directory	 as  the  first search directory for `#include file"'.
	      Therefore, the current directory is searched only if it  is  re‐
	      quested  explicitly with `-I.'.  Specifying both `-I-' and `-I.'
	      allows you to control precisely which directories	 are  searched
	      before the current one and which are searched after.

	      Do  not search the standard system directories for header files.
	      Only the directories you have specified with `-I'	 options  (and
	      the current directory, if appropriate) are searched.

       -D name
	       Predefine name as a macro, with definition `1'.

       -D name=definition
		Predefine  name as a macro, with definition definition.	 There
	      are no restrictions on the contents of definition,  but  if  you
	      are invoking the preprocessor from a shell or shell-like program
	      you may need to use the shell's quoting syntax to protect	 char‐
	      acters  such  as spaces that have a meaning in the shell syntax.
	      If you use more than one `-D' for the same name,	the  rightmost
	      definition takes effect.

       -U name
	       Do not predefine name.  If both `-U' and `-D' are specified for
	      one name, the `-U' beats the `-D' and the	 name  is  not	prede‐

       -undef Do not predefine any nonstandard macros.

       -dM    Instead of outputting the result of preprocessing, output a list
	      of `#define' commands for all the macros defined during the exe‐
	      cution  of  the preprocessor, including predefined macros.  This
	      gives you a way of finding out what is predefined in  your  ver‐
	      sion of the preprocessor; assuming you have no file `foo.h', the

	      touch foo.h; cpp -dM foo.h

	      will show the values of any predefined macros.

       -dD    Like `-dM' except in two respects: it does not include the  pre‐
	      defined  macros,	and it outputs both the `#define' commands and
	      the result of preprocessing.  Both kinds of  output  go  to  the
	      standard output file.

       -M     Instead of outputting the result of preprocessing, output a rule
	      suitable for make describing the dependencies of the main source
	      file.  The preprocessor outputs one make rule containing the ob‐
	      ject file name for that source file, a colon, and the  names  of
	      all  the	included files.	 If there are many included files then
	      the rule is split into several lines using `'-newline.

	      This feature is used in automatic updating of makefiles.

       -MM    Like `-M' but mention only the  files  included  with  `#include
	      "file"'.	 System	 header	 files included with `#include <file>'
	      are omitted.

       -MD    Like `-M' but the dependency information	is  written  to	 files
	      with  names  made	 by replacing `.c' with `.d' at the end of the
	      input file names.	 This is in addition to compiling the file  as
	      specified—`-MD'  does  not  inhibit ordinary compilation the way
	      `-M' does.

	      In Mach, you can use the utility md to merge the `.d' files into
	      a single dependency file suitable for using with the `make' com‐

       -MMD   Like `-MD' except mention only user  header  files,  not	system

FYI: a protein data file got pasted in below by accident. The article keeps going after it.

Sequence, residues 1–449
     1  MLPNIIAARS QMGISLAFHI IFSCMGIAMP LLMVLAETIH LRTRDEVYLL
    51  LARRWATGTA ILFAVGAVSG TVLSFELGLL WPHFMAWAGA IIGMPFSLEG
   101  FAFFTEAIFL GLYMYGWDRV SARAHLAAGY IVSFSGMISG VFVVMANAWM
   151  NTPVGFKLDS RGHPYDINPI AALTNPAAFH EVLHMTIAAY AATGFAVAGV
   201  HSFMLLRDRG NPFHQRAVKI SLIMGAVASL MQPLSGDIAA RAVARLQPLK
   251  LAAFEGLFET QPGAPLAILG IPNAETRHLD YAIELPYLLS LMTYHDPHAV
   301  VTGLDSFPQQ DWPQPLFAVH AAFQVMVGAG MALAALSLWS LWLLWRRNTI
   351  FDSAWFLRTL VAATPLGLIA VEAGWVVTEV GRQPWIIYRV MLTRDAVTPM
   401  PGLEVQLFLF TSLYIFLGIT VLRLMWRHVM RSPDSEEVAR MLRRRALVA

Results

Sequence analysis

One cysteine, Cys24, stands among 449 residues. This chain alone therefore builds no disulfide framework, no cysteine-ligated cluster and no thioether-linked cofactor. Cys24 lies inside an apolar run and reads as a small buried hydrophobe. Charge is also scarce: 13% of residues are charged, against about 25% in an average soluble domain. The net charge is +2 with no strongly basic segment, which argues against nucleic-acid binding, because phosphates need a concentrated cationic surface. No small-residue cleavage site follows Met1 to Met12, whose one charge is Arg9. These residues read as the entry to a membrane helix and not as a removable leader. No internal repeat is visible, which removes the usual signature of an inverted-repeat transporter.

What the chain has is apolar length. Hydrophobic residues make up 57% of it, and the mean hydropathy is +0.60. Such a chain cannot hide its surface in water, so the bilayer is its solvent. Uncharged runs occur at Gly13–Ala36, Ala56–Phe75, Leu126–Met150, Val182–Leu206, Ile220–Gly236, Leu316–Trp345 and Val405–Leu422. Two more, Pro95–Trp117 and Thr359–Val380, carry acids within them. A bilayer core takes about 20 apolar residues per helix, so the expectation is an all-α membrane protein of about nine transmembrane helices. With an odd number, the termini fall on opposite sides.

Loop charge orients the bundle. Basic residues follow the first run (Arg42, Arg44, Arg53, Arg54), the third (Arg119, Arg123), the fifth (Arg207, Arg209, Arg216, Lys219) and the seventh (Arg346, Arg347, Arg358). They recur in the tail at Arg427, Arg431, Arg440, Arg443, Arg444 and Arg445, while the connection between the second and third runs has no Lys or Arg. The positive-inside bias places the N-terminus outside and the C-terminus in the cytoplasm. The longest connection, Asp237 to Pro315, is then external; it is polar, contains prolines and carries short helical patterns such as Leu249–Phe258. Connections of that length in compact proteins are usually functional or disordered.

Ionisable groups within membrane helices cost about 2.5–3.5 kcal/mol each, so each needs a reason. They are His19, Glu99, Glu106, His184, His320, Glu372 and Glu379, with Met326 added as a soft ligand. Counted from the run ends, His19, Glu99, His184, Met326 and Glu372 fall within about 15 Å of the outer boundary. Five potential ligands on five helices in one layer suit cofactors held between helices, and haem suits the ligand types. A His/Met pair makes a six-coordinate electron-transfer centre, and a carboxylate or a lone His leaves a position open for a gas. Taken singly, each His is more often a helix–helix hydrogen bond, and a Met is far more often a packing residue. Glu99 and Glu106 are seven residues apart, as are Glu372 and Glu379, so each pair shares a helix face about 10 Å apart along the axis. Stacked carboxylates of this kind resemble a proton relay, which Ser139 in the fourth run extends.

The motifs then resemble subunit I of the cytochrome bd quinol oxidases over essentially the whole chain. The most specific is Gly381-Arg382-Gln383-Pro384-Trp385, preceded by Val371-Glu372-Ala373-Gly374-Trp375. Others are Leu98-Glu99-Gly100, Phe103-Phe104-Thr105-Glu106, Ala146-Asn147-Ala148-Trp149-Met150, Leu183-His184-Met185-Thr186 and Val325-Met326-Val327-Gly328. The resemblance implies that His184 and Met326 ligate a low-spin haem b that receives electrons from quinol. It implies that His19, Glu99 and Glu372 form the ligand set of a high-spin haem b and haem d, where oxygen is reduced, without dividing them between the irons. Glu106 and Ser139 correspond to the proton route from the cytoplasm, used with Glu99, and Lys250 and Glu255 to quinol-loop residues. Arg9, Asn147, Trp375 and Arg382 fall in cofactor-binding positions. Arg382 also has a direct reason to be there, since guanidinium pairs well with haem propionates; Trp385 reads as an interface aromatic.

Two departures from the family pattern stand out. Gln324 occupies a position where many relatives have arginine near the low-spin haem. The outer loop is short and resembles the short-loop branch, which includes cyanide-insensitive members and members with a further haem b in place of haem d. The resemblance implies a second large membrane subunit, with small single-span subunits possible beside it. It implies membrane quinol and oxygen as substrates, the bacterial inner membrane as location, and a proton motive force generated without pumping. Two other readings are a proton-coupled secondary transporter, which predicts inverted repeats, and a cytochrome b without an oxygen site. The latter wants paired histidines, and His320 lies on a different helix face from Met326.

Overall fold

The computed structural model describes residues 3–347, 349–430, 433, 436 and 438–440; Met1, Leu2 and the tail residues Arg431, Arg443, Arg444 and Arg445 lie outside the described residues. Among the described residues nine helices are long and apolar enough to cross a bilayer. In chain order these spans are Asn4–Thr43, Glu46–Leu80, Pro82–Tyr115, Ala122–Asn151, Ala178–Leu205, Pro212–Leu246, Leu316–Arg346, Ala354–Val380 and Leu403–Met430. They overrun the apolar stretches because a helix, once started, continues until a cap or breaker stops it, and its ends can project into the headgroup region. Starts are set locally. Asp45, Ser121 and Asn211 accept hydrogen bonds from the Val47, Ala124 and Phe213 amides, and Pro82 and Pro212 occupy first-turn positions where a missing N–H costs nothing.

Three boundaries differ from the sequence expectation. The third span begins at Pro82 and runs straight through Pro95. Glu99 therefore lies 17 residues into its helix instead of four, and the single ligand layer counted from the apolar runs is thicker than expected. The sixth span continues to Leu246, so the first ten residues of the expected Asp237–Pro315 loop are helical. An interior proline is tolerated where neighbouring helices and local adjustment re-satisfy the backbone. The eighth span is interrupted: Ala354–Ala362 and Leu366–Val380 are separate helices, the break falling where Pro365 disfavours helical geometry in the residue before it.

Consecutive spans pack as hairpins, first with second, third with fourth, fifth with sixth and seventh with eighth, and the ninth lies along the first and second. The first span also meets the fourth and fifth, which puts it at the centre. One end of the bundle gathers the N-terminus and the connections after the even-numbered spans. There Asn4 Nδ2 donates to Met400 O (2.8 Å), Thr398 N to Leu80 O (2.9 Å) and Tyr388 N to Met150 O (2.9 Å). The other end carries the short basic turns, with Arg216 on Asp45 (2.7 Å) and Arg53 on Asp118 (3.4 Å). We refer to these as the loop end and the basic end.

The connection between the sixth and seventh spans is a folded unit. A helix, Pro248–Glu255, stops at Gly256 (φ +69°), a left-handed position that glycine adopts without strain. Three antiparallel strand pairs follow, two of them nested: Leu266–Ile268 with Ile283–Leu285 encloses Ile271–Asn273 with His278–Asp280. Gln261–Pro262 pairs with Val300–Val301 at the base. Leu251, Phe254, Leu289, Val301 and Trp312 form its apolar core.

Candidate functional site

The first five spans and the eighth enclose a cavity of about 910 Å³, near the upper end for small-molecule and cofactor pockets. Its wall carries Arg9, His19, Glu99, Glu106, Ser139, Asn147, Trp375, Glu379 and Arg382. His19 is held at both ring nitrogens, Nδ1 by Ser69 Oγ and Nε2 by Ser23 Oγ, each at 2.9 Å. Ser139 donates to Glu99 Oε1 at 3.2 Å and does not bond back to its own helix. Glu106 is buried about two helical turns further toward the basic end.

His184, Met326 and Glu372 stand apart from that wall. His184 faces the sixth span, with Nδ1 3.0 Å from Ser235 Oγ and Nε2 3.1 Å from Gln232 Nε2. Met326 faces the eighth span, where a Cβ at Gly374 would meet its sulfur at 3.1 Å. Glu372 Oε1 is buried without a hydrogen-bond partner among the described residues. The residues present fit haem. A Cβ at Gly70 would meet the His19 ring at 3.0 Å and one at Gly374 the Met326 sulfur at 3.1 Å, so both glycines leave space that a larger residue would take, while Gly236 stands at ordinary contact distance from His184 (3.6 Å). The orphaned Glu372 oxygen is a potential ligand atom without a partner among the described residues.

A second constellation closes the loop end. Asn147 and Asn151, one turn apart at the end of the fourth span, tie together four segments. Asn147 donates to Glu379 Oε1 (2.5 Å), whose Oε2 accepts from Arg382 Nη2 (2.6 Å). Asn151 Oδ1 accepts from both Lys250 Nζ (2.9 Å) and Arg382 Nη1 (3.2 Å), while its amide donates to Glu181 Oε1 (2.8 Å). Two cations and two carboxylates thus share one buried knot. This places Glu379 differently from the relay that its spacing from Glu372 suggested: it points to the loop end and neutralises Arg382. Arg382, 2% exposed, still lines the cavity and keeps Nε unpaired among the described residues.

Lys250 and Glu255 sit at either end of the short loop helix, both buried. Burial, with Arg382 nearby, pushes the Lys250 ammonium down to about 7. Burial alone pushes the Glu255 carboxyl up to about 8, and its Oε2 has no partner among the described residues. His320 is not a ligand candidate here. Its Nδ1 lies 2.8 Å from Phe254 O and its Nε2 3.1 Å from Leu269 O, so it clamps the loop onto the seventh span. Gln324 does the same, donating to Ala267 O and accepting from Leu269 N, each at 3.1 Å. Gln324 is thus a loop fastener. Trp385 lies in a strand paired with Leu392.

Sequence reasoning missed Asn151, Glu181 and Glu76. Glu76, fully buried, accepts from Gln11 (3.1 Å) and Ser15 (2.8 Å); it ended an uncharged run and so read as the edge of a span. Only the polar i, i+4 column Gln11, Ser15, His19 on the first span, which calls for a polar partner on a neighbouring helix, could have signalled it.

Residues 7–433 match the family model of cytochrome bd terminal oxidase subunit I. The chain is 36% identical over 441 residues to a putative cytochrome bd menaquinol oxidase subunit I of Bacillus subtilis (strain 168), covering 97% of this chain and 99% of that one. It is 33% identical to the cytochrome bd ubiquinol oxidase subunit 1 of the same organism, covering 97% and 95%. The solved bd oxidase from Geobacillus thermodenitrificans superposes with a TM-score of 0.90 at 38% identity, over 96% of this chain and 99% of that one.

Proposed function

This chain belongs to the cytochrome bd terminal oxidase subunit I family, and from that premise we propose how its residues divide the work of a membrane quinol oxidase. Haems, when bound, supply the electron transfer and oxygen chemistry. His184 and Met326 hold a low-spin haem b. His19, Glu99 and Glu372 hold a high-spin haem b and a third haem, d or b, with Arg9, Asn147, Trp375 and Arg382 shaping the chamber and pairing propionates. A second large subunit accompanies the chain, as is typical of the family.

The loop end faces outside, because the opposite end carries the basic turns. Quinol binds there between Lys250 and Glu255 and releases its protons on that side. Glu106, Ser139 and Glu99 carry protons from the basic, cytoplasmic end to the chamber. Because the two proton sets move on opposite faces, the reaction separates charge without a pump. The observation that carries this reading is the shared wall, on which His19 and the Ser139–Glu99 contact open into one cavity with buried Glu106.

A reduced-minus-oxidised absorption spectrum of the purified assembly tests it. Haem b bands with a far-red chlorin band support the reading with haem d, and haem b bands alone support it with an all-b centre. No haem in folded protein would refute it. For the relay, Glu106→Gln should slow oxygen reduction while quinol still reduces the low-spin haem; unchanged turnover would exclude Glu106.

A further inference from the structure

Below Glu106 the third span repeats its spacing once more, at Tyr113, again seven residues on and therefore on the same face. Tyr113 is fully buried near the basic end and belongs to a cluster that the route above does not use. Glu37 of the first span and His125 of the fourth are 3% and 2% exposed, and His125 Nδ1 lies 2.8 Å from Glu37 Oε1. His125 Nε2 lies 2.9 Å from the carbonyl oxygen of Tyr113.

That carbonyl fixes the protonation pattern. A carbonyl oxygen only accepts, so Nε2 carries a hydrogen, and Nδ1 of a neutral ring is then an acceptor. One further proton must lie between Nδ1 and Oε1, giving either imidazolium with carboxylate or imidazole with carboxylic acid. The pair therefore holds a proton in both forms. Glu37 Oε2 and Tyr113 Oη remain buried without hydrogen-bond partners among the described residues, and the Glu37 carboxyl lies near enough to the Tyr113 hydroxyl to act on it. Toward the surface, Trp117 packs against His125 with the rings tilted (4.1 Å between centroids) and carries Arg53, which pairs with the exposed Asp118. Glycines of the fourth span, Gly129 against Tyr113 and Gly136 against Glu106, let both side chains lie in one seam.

header files.

       -H     Print  the  name	of each header file used, in addition to other
	      normal activities.

       -imacros file
	       Process file as input, discarding the resulting output,	before
	      processing the regular input file.  Because the output generated
	      from file is discarded, the only effect of `-imacros file' is to
	      make  the	 macros	 defined in file available for use in the main
	      input.  The preprocessor evaluates any `-D' and `-U' options  on
	      the command line before processing `-imacros file' .

       -include file
	      Process file as input, and include all the resulting output, be‐
	      fore processing the regular input file.




	      Specify the source language.  `-lang-c++' makes the preprocessor
	      handle  C++  comment  syntax, and includes extra default include
	      directories for C++, and `-lang-objc' enables  the  Objective  C
	      `#import'	 directive.   `-lang-c'	 explicitly  turns off both of
	      these extensions, and `-lang-objc++' enables both.

	      These options are generated by the compiler driver gcc, but  not
	      passed from the `gcc' command line.

       -lint  Look  for	 commands to the program checker lint embedded in com‐
	      ments, and emit them preceded by `#pragma lint'.	 For  example,
	      the   comment   `/*   NOTREACHED	 */'   becomes	`#pragma  lint

	      This option is available only when you call  cpp	directly;  gcc
	      will not pass it from its command line.

       -$     Forbid the use of `$' in identifiers.  This is required for ANSI
	      conformance.  gcc automatically supplies this option to the pre‐
	      processor	 if you specify `-ansi', but gcc doesn't recognize the
	      `-$' option itself—to use it without the other effects of	 `-an‐
	      si', you must call the preprocessor directly.

       `Cpp' entry in info; The C Preprocessor, Richard M. Stallman.
       gcc(1);	`Gcc'  entry  in  info;	 Using and Porting GNU CC (for version
       2.0), Richard M. Stallman.

       Copyright (c) 1991, 1992 Free Software Foundation, Inc.

       Permission is granted to make and distribute verbatim  copies  of  this
       manual  provided	 the  copyright	 notice and this permission notice are
       preserved on all copies.

       Permission is granted to copy and distribute modified versions of  this
       manual under the conditions for verbatim copying, provided that the en‐
       tire resulting derived work is distributed under the terms of a permis‐
       sion notice identical to this one.

       Permission is granted to copy and distribute translations of this manu‐
       al into another language, under the above conditions for modified  ver‐
       sions,  except  that this permission notice may be included in transla‐
       tions approved by the Free Software Foundation instead of in the origi‐
       nal English.

GNU Tools			   2Jan1992				cpp(1)